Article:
The tax would not be subject to the combined rate limitation established in the state Constitution.

The district would be governed by a nine-member commission appointed by the governor. At least four of the members must live in the unincorporated area of St. Tammany, Donahue has said.


Our Views: Slow rise for TOPS PDF Print E-mail
Thursday, May 08 2014 - 11:56 am


If it does not exactly rein in the costs of the popular TOPS tuition grants, a bill by Sen. Jack Donahue makes a few sensible changes that will save the taxpayers some money.

The relatively low academic requirements were always a problem in the program now known as the Taylor Opportunity Program for Students. The idea of Donahue, R-Mandeville, is to level up the requirements, modestly and over a period of time.

As chairman of the Finance Committee, Donahue is one of the senators with the most responsibility for sorting out the annual difficulties of the state budget. So he is better informed about the rising impact of TOPS on the general fund.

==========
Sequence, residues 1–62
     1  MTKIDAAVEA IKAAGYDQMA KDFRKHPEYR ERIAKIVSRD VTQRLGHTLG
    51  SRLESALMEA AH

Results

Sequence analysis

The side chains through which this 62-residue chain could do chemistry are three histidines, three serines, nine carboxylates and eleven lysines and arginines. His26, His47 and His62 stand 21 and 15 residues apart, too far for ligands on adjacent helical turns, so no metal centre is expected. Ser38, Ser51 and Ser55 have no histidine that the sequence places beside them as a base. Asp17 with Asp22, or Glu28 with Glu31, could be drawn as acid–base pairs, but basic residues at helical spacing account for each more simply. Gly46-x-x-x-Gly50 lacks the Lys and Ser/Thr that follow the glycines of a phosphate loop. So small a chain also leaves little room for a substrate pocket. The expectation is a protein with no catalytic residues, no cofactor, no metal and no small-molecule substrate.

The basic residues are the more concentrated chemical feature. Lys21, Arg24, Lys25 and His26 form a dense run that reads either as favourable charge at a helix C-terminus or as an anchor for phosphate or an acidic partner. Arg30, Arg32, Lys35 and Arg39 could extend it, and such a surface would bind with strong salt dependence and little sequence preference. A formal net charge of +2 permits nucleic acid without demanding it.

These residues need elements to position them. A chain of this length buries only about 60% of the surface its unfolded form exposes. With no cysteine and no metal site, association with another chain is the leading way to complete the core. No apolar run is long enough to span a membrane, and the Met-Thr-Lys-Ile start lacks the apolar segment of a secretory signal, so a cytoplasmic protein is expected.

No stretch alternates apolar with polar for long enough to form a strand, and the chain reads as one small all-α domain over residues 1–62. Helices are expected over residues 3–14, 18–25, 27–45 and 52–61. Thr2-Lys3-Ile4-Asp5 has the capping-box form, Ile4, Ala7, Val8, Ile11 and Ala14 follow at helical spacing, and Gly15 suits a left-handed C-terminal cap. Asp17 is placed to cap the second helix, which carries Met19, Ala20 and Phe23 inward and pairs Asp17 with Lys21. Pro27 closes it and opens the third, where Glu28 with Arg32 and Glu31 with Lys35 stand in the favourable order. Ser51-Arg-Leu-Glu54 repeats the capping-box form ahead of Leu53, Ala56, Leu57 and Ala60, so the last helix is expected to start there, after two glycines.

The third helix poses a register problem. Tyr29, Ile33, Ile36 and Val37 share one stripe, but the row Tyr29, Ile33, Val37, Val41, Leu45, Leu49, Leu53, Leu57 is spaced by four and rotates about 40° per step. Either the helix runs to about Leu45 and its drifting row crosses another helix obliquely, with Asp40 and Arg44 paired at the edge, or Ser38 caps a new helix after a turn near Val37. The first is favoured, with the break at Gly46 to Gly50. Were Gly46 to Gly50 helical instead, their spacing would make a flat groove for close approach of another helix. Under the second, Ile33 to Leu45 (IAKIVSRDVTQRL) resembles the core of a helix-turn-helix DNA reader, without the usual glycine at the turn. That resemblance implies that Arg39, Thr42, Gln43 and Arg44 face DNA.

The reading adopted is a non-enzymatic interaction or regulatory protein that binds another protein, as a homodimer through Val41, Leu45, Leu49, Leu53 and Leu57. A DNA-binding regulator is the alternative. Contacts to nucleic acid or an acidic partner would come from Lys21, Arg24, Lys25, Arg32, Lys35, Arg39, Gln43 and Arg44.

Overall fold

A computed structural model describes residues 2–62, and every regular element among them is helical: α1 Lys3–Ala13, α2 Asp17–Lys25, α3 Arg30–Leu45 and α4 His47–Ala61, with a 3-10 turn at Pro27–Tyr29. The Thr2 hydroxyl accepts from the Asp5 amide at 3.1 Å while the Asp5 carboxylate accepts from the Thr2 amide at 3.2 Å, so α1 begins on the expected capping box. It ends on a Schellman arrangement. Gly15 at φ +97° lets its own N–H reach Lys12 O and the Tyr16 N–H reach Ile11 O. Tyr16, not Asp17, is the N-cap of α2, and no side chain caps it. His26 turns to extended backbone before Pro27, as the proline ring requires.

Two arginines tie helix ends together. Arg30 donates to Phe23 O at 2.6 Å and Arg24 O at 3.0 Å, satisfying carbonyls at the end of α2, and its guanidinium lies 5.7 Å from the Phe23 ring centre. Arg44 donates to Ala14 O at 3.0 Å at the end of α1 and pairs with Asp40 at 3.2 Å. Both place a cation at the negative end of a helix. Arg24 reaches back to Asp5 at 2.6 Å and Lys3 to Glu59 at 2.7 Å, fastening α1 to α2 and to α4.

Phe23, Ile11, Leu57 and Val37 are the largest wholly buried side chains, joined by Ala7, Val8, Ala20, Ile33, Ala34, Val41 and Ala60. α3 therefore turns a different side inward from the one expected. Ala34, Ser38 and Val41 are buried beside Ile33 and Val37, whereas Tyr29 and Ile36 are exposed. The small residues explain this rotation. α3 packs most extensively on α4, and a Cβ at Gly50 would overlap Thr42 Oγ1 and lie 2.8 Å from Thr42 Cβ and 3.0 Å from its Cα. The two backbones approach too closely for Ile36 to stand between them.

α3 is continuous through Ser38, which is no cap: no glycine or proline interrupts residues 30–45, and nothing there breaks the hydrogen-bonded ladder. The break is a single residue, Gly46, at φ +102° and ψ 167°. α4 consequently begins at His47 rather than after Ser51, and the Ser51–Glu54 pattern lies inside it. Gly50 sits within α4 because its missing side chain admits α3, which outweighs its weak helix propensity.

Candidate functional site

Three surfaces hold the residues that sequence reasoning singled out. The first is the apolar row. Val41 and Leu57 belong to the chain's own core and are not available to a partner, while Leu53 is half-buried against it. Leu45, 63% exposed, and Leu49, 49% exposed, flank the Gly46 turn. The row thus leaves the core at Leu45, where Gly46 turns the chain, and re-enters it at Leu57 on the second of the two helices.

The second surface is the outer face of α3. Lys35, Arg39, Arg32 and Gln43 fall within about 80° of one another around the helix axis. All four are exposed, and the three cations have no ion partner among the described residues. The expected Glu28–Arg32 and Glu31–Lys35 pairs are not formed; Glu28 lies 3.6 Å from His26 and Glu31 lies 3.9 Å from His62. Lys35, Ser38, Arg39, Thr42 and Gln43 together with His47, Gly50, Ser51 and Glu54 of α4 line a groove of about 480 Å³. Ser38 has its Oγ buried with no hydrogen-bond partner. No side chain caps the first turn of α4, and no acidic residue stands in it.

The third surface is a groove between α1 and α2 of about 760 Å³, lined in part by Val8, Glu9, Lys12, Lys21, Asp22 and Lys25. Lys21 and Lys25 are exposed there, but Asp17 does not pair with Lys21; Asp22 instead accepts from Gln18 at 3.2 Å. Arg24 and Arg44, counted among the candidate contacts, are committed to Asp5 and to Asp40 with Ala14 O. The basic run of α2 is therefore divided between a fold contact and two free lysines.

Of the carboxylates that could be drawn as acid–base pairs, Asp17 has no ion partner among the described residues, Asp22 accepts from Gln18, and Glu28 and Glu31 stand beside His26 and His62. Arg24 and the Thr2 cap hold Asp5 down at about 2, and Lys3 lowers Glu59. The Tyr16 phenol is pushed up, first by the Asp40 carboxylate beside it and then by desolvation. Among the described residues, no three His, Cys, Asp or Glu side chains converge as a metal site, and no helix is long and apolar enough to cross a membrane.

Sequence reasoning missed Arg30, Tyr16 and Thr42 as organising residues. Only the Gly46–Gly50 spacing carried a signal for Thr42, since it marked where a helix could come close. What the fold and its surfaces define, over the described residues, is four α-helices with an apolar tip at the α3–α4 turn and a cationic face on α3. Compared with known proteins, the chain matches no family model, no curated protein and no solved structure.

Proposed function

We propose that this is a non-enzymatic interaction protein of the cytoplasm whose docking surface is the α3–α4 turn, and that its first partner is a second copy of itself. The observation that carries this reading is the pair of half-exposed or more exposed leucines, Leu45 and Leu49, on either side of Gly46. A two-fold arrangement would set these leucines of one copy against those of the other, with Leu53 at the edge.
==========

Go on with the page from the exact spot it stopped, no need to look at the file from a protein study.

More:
It is an entitlement program. If you meet the academic requirements, you get the tuition waiver.

If it does not pay the full cost of a Louisiana college education, it’s still a nice thing to have. But it is costing the state north of $220 million a year, a vast sum compared with the promises made back in the 1990s about its limited budgetary impact.

The prospect of up to a $300 million hit to the state general fund in the next five years is one scenario that has played out in briefings before Senate Finance. Donahue has a right to be worried.

Donahue’s Senate Bill 520 would increase the minimum grade-point average for an award from only 2.5 to 2.75, and a score of 21 instead of 20 on the ACT admissions test. It would not start until the 2017-18 school year, so people get plenty of warning.

This is just not much to write home about, perhaps, but it’s more courageous than most politicians are.